The Firms

January 27, 2012 5:01 PM

Edwards Wildman Hits Back at Allegations Over Managing Partner's Affair

Posted by Brian Baxter

Edwards Wildman Palmer is hitting back over a salacious suit filed earlier this month in which two former partners accuse the Am Law 100 firm's soon-to-be-former managing partner Walter Reed of putting his amorous pursuits ahead of the firm's interests in negotiating a merger last year.

In a 17-page motion to dismiss and compel arbitration filed Thursday in Delaware's Chancery Court, the firm claims that by filing the suit, ex-partners Lawrence Cohen and Jay Rosenbaum violated their partnership agreement with their former employer in a power play for more money.

Cohen and Rosenbaum were members of a Boston-based private client and estate-planning team that left Edwards Wildman in November for Nixon Peabody, taking with them one counsel, two trust administrators, and two investment professionals.

In their 19-page civil complaint, which was filed two weeks ago in Delaware, Cohen and Rosenbaum allege that Reed began an affair with Cohen's wife, Edwards Wildman private client practice cochair Laurie Hall, in 2009. As a result of the relationship, Cohen and Rosenbaum—who shared clients—claim they had their compensation cut and were excluded from key leadership activities at their former firm. (The pair also claim that Cohen was asked to share clients with Hall.)

Edwards Wildman was formed on October 1, 2011, as a result of a merger between Boston-based Edwards Angell Palmer & Dodge and Chicago-based Wildman, Harrold, Allen & Dixon. Cohen and Rosenbaum's complaint alleges that Reed used the merger talks between the two firms to further his romantic interests with Hall, whom the plaintiffs claim Reed included in negotiations despite her lack of experience in "negotiating mergers or managing corporate deals."

In its Thursday filing, Edwards Wildman counters that the suit filed by Cohen and Rosenbaum breaches a "clear requirement" in the firm's partnership agreement that calls for "disputes among partners and the firm be resolved not in court, but through final and binding arbitration."

The response states that Cohen and Rosenbaum, who resigned from Edwards Wildman on November 9, "weave their tale" while showing a "blatant disregard" for what the firm says are their obligations under its partnership agreement. That agreement, the firm argues, specifies that only an arbitrator can decide the issues now before the Chancery Court.

Edwards Wildman's response does not make any mention of the allegation that Hall, Cohen's now-estranged wife, had an affair with Reed. Cohen and Rosenbaum's complaint claims that Reed and Hall announced their relationship and their plan to divorce their respective spouses at a partnership meeting in November 2011.

The following month, Edwards Wildman announced that Reed would step down as managing partner of the 650-lawyer firm for "personal and health reasons" sometime in early 2012. Edwards Wildman's senior management is in the process of identifying Reed's successor.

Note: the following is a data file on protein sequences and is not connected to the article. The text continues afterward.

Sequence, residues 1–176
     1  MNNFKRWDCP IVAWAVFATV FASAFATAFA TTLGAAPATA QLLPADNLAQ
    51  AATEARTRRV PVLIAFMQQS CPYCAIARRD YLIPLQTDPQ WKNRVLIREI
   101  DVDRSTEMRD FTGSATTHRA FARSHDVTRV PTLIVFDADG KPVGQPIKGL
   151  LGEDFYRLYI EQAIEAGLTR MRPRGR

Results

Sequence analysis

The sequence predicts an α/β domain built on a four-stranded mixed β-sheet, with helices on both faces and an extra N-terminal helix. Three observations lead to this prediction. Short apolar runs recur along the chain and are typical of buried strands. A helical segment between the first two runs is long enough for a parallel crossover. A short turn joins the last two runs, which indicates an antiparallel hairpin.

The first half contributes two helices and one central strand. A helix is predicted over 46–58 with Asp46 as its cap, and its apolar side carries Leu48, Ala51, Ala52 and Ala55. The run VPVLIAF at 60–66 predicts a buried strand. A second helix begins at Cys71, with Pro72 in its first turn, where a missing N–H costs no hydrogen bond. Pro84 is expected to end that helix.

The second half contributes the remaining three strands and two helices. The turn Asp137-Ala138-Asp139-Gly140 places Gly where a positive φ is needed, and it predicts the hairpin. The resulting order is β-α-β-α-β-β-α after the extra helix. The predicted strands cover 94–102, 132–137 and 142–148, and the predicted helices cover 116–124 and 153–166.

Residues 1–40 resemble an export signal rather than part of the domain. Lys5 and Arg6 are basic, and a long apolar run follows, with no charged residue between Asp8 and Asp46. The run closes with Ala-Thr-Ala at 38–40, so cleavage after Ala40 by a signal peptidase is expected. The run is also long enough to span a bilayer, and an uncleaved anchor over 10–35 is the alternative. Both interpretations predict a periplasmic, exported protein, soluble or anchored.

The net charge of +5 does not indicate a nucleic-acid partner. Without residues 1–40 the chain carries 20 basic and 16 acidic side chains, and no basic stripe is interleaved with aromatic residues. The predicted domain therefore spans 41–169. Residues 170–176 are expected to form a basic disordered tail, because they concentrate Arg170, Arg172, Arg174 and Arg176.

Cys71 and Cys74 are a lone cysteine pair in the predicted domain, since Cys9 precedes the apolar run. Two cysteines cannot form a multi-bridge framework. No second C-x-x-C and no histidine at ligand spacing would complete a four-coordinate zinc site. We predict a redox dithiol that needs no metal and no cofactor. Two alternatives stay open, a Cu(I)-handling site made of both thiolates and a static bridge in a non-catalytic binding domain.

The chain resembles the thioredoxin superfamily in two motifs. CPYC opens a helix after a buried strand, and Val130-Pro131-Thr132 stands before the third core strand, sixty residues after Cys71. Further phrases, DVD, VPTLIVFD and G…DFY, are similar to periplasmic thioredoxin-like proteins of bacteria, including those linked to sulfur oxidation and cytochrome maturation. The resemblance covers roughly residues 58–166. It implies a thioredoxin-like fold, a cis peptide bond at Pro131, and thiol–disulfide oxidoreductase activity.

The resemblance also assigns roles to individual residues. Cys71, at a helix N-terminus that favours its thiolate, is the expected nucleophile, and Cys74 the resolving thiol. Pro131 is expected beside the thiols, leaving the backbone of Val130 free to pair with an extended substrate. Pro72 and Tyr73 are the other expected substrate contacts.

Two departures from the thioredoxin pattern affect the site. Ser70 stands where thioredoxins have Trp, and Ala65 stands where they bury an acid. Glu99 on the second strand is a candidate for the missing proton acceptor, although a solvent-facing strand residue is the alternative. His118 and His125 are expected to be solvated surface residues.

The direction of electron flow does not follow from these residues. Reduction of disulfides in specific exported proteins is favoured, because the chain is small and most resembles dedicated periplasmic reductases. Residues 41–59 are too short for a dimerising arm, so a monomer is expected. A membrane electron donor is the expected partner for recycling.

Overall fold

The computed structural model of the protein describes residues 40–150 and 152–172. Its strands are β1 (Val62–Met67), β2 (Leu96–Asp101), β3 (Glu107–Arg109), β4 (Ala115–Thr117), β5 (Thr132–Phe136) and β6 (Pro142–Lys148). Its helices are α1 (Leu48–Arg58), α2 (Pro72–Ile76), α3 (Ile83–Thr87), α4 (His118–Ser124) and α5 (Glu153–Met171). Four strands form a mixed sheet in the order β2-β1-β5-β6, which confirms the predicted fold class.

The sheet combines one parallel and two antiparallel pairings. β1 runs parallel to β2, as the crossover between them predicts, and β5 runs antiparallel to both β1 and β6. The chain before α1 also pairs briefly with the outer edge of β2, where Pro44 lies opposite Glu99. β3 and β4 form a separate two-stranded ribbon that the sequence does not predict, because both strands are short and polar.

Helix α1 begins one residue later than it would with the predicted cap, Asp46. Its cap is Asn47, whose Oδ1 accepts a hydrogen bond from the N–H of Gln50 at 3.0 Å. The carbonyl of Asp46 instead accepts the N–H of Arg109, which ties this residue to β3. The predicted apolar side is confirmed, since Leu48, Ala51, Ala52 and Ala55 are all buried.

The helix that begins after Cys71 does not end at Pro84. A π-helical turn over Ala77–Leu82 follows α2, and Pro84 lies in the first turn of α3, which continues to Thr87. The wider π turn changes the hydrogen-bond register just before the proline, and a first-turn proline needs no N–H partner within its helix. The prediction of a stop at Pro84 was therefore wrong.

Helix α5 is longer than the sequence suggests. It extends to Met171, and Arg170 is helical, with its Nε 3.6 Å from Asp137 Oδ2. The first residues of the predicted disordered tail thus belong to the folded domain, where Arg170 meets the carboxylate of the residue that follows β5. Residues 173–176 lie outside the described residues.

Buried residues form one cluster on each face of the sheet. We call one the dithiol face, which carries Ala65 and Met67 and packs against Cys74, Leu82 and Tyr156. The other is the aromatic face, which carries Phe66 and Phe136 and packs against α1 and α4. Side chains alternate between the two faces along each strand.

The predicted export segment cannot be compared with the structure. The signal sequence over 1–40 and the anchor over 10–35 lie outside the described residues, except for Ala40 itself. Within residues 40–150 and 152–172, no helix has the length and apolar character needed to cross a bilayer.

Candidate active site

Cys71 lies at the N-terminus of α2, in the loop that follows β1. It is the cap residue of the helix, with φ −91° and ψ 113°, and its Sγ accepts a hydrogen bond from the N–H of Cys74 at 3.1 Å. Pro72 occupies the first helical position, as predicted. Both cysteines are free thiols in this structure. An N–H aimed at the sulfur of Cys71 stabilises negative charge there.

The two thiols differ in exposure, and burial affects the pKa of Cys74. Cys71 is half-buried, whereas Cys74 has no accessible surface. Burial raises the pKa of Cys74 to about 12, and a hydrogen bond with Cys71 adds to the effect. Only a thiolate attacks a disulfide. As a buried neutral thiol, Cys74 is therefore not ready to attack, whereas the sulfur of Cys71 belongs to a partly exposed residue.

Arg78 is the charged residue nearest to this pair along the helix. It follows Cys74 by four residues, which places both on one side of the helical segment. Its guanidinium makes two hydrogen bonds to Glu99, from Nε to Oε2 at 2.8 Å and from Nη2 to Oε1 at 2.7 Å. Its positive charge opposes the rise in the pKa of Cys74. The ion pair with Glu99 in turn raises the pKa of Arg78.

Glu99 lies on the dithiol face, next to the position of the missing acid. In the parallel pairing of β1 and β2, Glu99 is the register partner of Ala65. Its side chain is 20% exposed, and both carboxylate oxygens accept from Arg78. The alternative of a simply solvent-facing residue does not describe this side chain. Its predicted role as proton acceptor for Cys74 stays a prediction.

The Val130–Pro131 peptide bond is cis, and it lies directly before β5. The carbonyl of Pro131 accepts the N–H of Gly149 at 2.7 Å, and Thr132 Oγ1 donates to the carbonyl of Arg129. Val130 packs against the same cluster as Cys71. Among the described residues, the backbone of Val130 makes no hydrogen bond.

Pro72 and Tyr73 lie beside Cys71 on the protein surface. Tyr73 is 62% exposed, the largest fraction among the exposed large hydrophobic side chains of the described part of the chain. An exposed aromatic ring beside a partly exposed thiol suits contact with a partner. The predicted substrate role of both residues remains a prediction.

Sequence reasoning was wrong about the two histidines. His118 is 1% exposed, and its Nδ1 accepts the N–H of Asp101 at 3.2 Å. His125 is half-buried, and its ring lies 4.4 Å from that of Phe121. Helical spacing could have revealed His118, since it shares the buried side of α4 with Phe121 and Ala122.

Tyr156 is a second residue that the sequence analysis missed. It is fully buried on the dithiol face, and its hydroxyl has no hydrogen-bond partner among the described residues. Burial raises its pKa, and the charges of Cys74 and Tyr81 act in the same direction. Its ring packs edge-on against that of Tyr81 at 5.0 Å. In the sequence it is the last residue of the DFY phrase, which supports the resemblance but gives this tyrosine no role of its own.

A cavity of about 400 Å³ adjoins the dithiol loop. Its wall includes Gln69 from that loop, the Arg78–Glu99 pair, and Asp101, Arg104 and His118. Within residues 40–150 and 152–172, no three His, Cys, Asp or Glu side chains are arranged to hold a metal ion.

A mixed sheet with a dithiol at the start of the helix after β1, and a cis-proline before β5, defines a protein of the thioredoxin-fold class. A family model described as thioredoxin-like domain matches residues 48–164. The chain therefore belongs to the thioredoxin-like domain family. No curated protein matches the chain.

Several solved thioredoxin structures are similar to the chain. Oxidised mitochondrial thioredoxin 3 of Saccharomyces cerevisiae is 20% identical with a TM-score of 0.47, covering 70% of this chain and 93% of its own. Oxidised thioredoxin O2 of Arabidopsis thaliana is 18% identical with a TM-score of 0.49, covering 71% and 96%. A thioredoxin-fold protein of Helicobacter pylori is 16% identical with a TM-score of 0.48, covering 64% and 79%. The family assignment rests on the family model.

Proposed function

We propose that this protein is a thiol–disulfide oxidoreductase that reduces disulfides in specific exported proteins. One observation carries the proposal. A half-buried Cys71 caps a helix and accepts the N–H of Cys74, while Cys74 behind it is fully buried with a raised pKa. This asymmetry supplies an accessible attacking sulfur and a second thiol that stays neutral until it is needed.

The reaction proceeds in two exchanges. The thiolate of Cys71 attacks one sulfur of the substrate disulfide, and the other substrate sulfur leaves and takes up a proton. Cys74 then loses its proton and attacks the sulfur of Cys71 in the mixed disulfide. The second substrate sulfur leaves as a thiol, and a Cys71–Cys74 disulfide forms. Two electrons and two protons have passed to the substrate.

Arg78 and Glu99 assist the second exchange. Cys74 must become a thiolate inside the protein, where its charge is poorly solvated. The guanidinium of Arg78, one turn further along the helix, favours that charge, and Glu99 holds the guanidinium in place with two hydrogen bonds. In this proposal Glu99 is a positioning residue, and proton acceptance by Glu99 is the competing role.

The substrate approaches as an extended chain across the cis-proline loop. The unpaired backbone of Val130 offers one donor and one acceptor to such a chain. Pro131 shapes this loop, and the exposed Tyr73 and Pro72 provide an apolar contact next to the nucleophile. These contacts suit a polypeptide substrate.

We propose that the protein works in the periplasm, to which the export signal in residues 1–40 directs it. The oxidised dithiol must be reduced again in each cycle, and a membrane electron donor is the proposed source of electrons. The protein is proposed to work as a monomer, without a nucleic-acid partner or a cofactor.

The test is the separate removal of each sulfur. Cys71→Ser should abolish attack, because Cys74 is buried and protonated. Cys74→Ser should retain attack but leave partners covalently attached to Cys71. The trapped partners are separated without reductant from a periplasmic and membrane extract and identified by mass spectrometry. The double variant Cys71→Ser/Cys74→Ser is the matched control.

Reed did not return a phone message left at his office in Providence on Friday. In a statement provided to The Am Law Daily, an Edwards Wildman spokesman said that "the firm has moved to dismiss the complaint because these two former partners broke their written agreement to have their claims decided in arbitration. As stated when the complaint was filed, the firm will vigorously defend against the claims."

Proskauer Rose labor and employment partner Gregory Rasin and employment litigation and arbitration partner Steven Hurd are defending Edwards Wildman in the litigation. Neither lawyer immediately responded to requests for comment on motion filed by Edwards Wildman, which calls for the litigation to be dismissed and arbitration commenced before the American Arbitration Association.

(Rasin is married to Elise Bloom, cochair of Proskauer's labor and employment section. Both lawyers joined the firm in 2006 from Jackson Lewis.)

William Johnston, the immediate past chair of the corporate counseling and litigation section at Delaware's Young Conaway Stargatt & Taylor, is serving as local counsel to Edwards Wildman, along with litigation partner Melanie Sharp. Neither returned phone messages left for them on Friday.

Eckert Seamans Cherin & Mellott litigation partners Francis Pileggi in Wilmington and John Talvacchia in Boston are representing Cohen and Rosenbaum in the suit.

Pileggi, who joined Eckert Seamans last year after leaving Fox Rothschild, is a well-regarded Delaware litigator who launched and maintains the Delaware Corporate & Commercial Litigation Blog. Neither he nor Talvacchia returned phone calls on Friday about the firm’s response against their clients.

Cohen and Rosenbaum became partners at predecessor firm Edwards Angell in 1991 and 2005, respectively, according to court filings. Both are now members of Nixon Peabody’s private client practice in Boston. Neither responded to phone calls on Friday and a spokeswoman for Cohen declined to comment on pending litigation.


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